15 April 2013

Anything but water

  1. Insight from an eminent scientist that more economists should recognize:
    Pioneers in science only rarely make discoveries by extracting ideas from pure mathematics. Most of the stereotypical photographs of scientists studying rows of equations on a blackboard are instructors explaining discoveries already made. Real progress comes in the field writing notes, at the office amid a litter of doodled paper, in the hallway struggling to explain something to a friend, or eating lunch alone. Eureka moments require hard work. And focus. Ideas in science emerge most readily when some part of the world is studied for its own sake. They follow from thorough, well-organized knowledge of all that is known or can be imagined of real entities and processes within that fragment of existence.
  2. I've been told that I may use "fcuk" too much in these posts but I used that word (and others!) many times when preparing my tax return this year. Check out this PDF if you want to see Kafka in action.*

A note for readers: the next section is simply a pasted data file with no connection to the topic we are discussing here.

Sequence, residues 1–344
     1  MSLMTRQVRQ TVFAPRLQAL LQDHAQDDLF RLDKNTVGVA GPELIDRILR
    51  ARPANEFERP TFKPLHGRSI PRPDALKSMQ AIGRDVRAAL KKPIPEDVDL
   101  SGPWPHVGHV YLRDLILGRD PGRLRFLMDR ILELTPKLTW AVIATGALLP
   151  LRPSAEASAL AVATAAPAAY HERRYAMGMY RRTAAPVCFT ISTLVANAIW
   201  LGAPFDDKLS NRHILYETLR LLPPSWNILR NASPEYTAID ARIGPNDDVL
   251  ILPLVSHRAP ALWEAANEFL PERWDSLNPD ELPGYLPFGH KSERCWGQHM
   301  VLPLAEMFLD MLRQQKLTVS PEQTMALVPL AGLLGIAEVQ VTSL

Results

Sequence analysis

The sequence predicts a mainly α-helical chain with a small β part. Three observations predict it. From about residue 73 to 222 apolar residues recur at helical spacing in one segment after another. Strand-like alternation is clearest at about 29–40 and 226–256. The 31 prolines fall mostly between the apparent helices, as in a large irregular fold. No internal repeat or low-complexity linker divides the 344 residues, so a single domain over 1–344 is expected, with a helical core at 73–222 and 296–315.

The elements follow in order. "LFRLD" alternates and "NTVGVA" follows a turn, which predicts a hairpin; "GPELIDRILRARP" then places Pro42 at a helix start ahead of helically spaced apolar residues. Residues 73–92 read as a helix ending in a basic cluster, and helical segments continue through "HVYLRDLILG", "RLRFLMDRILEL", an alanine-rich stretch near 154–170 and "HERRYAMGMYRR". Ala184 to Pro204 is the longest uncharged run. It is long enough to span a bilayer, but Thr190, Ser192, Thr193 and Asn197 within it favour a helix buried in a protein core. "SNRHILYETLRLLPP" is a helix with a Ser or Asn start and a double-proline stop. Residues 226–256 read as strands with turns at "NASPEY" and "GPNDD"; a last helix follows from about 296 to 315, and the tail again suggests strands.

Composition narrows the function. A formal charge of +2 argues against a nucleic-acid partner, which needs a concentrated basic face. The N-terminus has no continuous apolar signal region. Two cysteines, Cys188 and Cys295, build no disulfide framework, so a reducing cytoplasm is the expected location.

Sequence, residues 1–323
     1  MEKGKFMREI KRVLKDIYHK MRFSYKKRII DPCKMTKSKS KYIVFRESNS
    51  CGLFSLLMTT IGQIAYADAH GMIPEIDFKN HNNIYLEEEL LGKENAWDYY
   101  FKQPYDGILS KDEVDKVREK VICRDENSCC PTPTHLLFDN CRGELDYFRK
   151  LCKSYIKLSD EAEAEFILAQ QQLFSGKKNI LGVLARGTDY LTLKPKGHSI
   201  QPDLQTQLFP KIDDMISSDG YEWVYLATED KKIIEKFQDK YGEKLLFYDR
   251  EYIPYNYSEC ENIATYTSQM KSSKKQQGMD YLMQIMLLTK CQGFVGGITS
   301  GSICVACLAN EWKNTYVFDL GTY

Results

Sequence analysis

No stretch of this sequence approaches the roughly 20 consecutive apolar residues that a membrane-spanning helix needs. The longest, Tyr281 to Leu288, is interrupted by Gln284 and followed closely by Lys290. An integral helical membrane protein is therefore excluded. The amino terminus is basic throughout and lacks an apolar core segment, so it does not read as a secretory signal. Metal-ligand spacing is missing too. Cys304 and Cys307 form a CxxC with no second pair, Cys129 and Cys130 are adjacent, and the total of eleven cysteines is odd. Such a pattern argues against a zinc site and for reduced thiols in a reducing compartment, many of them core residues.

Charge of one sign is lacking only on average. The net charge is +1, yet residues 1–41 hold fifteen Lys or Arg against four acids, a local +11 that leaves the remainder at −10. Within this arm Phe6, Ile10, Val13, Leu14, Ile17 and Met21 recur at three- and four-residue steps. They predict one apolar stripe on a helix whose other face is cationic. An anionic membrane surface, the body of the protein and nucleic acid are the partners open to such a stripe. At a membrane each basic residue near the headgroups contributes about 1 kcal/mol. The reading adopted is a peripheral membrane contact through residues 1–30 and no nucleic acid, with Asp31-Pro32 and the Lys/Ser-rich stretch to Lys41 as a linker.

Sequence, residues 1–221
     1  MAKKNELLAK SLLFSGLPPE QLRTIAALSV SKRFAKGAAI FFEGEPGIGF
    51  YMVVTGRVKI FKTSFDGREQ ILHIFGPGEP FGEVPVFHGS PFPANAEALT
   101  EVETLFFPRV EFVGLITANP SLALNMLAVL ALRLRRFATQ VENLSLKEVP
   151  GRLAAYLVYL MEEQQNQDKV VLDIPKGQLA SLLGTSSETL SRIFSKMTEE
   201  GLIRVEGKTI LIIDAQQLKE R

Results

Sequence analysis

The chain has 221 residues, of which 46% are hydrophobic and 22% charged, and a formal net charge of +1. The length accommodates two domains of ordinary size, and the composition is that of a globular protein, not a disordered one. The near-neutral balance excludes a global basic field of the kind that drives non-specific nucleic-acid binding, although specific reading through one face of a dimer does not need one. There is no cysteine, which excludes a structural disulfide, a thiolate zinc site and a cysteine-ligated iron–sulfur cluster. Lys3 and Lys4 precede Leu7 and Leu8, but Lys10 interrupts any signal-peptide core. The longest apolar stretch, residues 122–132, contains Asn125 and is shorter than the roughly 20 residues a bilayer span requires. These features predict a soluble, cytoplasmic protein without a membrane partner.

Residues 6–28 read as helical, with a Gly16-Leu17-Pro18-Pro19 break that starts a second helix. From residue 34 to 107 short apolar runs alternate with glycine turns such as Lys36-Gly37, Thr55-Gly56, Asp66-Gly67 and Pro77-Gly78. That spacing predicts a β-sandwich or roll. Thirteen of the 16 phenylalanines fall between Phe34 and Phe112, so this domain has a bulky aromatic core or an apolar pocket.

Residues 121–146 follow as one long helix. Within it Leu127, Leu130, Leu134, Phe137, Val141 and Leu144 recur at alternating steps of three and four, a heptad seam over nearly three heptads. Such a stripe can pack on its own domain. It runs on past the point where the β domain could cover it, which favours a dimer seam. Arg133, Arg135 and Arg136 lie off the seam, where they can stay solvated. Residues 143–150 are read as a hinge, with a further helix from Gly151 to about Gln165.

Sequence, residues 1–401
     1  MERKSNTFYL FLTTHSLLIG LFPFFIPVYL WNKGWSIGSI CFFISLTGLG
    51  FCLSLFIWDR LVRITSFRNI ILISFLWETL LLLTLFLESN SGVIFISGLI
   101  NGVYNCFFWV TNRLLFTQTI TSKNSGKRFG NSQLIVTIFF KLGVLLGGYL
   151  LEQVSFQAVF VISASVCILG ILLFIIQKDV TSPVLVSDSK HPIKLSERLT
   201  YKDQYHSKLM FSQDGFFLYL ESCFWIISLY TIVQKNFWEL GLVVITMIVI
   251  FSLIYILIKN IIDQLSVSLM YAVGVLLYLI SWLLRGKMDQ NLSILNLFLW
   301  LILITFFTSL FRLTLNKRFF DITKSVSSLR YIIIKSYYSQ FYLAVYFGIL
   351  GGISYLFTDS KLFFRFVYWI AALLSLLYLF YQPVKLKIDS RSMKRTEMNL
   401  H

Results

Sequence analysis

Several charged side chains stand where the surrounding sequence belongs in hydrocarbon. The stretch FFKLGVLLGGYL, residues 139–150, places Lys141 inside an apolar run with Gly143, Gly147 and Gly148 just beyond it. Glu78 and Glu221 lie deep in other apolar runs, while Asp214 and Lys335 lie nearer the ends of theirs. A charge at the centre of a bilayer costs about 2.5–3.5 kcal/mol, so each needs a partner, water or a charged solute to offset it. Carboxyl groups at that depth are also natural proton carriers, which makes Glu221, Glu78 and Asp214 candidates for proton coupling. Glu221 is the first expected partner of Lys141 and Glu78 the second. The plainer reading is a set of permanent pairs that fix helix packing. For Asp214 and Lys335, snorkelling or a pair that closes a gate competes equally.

3. A great article on the rise of fraudulent "open access" publishers in academia (prior post).

  4. Like me, Jerry Brito thinks that income and "money consumption" may not be the best things in life:
    What do I do for a living? Essentially I read a lot, I talk to a lot of interesting people, and I blog, tweet, and write articles like this one... For all intents and purposes, I am indeed working only 15 hours a week just as Keynes predicted. My income today is roughly the same as that of my parents. However, as someone with a law degree, I could have chosen a path—as many of my law school classmates did—that would have doubled it... Yes, I could have done better than my parents, but instead I chose to consume more leisure.
  5. Three posts on government failure: The European Commission wants to standardize "ecological footprints," i.e., guarantee work for consultants and confusion for consumers (price externalities instead!). Alabama will steal land for businesses in "favored industries" (auto parts?!). The US Government has no national energy strategy and that's a GOOD THING, since individuals and businesses have thousands of strategies that are better targeted, flexible, etc. (prior post).

* Maybe I have a complex return, with foreign income and capital gains, BUT the US is one of few countries to tax citizens worldwide AND capital gains calculations are only complex because of all the loopholes inserted by Congress for their rich buddies (and selves!).

H/T to MV

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